The purpose of this thesis is to provide an understanding of the becomings of human agents for transformative change. I will explore how people find a meaningful place in the transformation to sustainability by analysing how they become deeply engaged in climate change action, what their emotional motivations are, and what makes it meaningful for them to hope in the doom and gloom of climate change.
The participants interviewed in this thesis are actively engaged in the transformation to sustainability in Oslo, Norway through politics, activism and social entrepreneurship. The participants were selected because of their deep commitment to transformative change. I argue that a better understanding of their engagement can generate new which may result in hopeful and transformative ways forward.
The data generated deep insight on the in-depth transformation of becoming engaged. The participants stories it became clear that even those who do not care about the environment at all can develop a deep responsibility to care for the planet, and that such deep engagement leads to practical, political and personal climate change action.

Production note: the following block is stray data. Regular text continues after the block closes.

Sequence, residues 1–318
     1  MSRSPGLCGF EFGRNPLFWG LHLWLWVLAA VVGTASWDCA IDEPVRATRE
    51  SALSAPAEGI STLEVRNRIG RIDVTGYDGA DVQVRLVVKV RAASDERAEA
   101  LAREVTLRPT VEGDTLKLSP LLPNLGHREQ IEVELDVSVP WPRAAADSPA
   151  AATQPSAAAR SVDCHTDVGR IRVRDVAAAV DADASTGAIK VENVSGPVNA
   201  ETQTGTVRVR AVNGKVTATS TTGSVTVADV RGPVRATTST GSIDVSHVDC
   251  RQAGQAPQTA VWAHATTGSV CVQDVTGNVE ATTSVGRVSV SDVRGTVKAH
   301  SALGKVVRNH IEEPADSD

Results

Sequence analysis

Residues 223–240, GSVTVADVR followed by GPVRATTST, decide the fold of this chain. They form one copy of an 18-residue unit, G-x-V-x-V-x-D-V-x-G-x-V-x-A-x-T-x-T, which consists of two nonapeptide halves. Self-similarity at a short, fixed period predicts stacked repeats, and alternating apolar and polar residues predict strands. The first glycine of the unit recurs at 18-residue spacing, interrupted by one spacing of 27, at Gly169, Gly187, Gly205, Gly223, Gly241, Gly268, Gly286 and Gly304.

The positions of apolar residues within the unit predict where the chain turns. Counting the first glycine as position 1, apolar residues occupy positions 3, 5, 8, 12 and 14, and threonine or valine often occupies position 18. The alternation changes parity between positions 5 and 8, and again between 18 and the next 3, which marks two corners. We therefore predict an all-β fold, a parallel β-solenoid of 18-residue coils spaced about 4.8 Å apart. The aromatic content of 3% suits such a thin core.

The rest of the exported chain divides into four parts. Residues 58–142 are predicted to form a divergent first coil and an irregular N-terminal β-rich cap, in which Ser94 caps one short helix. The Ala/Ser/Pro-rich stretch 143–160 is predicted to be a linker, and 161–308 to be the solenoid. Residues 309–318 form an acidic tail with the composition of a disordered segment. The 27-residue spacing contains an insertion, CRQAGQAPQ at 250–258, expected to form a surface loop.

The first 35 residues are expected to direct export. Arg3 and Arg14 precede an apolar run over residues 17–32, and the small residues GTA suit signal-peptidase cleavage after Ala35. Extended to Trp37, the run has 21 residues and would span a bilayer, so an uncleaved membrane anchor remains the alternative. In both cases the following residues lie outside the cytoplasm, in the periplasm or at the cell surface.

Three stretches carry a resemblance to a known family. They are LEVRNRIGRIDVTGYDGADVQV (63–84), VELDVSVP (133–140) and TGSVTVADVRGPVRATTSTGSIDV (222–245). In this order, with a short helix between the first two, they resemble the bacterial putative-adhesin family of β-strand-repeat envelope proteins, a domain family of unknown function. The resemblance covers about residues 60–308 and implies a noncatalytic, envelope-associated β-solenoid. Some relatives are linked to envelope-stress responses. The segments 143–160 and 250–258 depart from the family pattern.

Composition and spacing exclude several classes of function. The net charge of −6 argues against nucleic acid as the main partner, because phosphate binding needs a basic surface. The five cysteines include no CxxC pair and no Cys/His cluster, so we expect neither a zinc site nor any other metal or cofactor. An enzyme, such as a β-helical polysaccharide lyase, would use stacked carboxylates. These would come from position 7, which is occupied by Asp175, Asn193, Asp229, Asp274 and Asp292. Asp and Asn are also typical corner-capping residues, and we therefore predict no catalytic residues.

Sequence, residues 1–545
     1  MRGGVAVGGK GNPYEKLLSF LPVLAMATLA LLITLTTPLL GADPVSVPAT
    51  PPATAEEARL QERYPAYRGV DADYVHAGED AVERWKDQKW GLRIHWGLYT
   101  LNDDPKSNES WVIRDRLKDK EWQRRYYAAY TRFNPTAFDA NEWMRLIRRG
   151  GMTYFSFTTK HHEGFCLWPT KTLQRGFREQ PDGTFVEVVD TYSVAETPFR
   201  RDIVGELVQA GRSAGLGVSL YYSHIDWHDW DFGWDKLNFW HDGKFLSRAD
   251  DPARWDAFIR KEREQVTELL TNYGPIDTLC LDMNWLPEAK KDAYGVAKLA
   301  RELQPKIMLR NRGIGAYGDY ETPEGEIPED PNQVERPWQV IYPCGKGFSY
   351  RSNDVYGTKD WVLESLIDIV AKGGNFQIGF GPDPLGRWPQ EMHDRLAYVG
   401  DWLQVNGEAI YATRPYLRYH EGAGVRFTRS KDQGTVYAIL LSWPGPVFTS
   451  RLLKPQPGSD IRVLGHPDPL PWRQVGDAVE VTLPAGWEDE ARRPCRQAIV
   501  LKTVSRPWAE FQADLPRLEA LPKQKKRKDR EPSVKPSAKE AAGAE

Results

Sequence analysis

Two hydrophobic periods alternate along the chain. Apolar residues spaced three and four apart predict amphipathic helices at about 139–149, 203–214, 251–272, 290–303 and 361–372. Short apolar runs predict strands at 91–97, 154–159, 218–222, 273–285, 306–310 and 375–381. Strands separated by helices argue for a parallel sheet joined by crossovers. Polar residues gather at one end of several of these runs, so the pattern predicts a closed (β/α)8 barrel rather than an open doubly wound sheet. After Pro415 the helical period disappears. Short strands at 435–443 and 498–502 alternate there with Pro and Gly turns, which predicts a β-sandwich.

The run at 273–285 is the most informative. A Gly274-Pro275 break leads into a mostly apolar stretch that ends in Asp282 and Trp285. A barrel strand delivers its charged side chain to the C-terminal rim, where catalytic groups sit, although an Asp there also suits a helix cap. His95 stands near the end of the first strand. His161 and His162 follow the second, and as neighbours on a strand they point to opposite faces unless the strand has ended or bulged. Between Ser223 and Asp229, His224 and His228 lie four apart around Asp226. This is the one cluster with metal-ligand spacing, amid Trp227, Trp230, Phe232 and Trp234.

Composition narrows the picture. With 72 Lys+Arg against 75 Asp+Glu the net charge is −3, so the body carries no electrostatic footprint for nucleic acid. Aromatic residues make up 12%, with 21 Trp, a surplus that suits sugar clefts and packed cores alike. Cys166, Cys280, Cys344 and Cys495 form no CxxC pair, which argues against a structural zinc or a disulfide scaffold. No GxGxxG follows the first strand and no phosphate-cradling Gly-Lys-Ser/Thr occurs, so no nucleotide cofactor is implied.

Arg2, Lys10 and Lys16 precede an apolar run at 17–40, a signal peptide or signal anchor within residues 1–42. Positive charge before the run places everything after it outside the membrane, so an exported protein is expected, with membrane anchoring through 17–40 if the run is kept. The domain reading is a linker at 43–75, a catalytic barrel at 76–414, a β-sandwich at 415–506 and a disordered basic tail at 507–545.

A meaningful place in the transformation to sustainability is found as the participants become deeply engaged. This is an intense and deeply emotional process. Emotions drive the engagement, and the transformative potential of emotions is tied to their ability to move us into action. Creating a space for emotions is part of the becoming of active human agents for transformative change. In this emotional space anger and frustration; belonging; care and responsibility can develop into motivations for transformative action. Hope is the foundation of engagement. Becoming hopeful involves constructing meaningful hope by developing specific, relational and practiced hope.
I want to thank Osloforskning for the financial support they provided for the work with this thesis.